25% of SMEs do 'best practice' direct marketing

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By: Wise Marketer Staff |

Posted on July 4, 2005

One-quarter of all small- to medium-size enterprises (SMEs) are currently conducting 'best-practice' direct marketing, and this figure is expected to rise to 39% by 2007, according to a report by mail and communication specialist Pitney Bowes.

Through the report, Pitney Bowes appears keen to dispel the commonly held idea that sophisticated direct mail is the sole preserve of large companies conducting bulk mailings.

The survey targeted marketing representatives from the UK's top 1,000 companies and asked for their opinions on whether SMEs were applying best-practice techniques to their marketing mailings. For the purposes of the survey, "best practice" was defined as being when:


  • Customer and prospect records (along with their key details) are stored in a database that's regularly cleansed, and in which contacts that have moved are tracked, and which relates purchasing activity to each customer profile.
  • Existing customers are profiled and then prospective customer lists of 'look-alike' organisations are selected for prospecting activity;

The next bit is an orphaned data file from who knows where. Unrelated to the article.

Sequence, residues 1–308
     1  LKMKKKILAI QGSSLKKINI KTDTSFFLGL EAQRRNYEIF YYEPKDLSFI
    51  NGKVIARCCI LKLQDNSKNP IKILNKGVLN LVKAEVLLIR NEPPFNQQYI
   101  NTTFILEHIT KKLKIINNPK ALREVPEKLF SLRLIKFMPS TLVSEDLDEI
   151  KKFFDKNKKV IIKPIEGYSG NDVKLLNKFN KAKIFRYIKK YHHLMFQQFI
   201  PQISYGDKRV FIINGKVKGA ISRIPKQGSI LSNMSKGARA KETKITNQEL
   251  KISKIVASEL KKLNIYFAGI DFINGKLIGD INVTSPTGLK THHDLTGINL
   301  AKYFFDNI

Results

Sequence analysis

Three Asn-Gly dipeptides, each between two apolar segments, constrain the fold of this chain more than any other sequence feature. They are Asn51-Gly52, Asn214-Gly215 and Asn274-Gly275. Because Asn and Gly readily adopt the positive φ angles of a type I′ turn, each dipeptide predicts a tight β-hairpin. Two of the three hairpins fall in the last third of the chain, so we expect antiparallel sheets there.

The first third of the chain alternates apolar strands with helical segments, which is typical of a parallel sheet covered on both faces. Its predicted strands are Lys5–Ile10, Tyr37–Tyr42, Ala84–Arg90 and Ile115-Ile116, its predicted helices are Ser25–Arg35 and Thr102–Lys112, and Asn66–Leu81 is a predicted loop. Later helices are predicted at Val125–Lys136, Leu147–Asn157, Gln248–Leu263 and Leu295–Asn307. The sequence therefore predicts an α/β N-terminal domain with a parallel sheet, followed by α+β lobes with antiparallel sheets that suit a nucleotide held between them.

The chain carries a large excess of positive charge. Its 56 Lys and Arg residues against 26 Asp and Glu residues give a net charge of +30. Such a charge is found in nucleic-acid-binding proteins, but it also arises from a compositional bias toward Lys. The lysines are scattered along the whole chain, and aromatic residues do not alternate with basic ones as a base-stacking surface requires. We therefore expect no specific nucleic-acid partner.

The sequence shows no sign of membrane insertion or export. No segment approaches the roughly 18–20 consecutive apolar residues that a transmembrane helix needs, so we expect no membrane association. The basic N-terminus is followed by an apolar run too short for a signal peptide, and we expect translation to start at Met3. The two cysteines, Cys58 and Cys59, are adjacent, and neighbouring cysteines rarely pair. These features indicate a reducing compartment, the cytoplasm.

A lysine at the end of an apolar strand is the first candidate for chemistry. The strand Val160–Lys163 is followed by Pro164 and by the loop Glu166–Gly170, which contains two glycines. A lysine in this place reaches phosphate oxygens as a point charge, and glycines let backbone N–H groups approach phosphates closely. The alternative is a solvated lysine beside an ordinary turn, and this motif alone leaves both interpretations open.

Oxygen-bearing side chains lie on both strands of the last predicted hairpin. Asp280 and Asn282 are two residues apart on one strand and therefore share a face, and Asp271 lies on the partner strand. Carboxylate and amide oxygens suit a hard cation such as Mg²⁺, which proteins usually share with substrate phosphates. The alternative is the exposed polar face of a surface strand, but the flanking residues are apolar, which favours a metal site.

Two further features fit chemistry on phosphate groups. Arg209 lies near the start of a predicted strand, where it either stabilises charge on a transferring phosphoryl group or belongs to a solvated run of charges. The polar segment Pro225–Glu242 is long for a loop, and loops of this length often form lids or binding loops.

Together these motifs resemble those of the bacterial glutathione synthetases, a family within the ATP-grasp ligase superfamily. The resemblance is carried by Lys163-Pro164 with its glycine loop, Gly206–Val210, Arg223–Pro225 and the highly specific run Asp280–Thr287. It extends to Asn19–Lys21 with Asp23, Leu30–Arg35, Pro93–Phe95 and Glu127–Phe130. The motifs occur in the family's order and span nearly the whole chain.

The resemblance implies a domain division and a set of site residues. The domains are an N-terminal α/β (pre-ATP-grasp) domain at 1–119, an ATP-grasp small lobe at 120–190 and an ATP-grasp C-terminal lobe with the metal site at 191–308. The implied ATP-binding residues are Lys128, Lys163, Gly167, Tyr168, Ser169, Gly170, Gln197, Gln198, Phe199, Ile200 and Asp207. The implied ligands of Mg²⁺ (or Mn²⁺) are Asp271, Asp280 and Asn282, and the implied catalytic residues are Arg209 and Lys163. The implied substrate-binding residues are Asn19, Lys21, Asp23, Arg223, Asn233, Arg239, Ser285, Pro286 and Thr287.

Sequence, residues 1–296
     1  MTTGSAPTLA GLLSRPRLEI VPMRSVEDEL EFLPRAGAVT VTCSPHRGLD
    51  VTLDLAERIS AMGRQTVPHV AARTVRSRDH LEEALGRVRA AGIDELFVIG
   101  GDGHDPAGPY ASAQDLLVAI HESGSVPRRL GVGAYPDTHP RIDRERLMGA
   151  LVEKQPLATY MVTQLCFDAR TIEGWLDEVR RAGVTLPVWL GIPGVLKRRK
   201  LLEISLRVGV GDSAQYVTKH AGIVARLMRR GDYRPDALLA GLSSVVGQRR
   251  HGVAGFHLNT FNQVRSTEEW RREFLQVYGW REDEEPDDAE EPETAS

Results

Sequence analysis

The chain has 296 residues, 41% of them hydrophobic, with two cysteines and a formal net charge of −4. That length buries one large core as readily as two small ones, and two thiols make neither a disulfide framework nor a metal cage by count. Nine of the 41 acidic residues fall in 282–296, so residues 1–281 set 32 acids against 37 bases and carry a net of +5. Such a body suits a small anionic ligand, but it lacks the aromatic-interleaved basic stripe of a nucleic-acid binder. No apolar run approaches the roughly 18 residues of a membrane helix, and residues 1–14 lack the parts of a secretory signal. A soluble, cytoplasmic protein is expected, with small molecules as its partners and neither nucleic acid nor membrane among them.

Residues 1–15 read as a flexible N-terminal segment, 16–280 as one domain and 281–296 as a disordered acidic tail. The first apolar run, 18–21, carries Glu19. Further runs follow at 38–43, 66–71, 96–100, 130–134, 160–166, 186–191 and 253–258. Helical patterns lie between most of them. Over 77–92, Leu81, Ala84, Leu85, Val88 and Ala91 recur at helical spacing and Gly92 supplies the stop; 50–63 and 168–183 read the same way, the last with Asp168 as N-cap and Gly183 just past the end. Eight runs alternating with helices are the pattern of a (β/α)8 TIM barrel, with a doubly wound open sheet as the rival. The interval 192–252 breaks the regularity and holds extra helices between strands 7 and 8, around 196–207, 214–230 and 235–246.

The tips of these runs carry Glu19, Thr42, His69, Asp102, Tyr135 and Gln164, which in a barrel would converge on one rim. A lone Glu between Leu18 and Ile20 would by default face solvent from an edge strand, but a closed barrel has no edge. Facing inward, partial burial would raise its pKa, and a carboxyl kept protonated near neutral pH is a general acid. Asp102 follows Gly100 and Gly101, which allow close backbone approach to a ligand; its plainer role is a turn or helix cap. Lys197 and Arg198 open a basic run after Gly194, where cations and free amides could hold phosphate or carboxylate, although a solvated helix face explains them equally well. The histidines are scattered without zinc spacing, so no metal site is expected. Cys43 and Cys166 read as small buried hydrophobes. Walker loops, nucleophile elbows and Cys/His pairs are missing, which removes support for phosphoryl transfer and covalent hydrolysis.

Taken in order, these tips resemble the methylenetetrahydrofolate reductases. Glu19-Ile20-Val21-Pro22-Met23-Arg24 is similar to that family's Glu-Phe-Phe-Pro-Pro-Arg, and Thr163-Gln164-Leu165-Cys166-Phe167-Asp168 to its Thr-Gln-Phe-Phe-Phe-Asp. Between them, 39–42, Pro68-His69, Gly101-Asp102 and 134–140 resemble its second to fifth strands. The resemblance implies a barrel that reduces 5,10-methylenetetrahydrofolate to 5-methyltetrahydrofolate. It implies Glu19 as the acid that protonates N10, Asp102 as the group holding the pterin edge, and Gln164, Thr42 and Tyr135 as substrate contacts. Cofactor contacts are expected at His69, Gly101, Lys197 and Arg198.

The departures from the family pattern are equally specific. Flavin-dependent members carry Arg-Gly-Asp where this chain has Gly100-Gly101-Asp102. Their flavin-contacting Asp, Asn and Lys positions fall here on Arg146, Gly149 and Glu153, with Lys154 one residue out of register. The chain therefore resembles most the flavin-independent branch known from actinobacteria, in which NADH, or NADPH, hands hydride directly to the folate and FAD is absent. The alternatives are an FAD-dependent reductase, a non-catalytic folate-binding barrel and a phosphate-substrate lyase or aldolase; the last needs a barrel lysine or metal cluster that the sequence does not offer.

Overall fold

• Campaign respondents are examined to improve targeting.


Vertical leaders
The survey also analysed best-practice direct marketing by SME vertical sector. An index of vertical sector ability was established, with 100 representing average expertise and 0 no expertise at all. Results show a 91 point difference between the best (IT firms) and the worst (building firms).

Barry Jessop, vice president of European marketing for Pitney Bowes, explained: "Direct marketing is a good medium for IT firms. Service and support over the web or telephone mean that high unit value sales are not limited by geography. Thus, the reach of direct marketing can be harnessed to target offers to a broad community. But at the other end of the scale, it may be unfair to expect builders to be direct marketing experts. These are often sole traders who lack both the time and skills to make best use of marketing."

How to compete
"Clearly, smaller organisations have noticed the gains made by larger firms through sophisticated direct marketing and have begun to implement best-practice technique themselves. This has been helped by the fact that the cost of simple database and campaign management technology has fallen, with several companies now providing such services on a hosted, pay-as-you-go basis, accessed via the web," Jessop concluded.

According to Jessop, for small companies, marketing sophistication (encompassing speed, quality, and cost-efficiency) must be in place if such firms are to achieve healthy market share and compete effectively against larger businesses.



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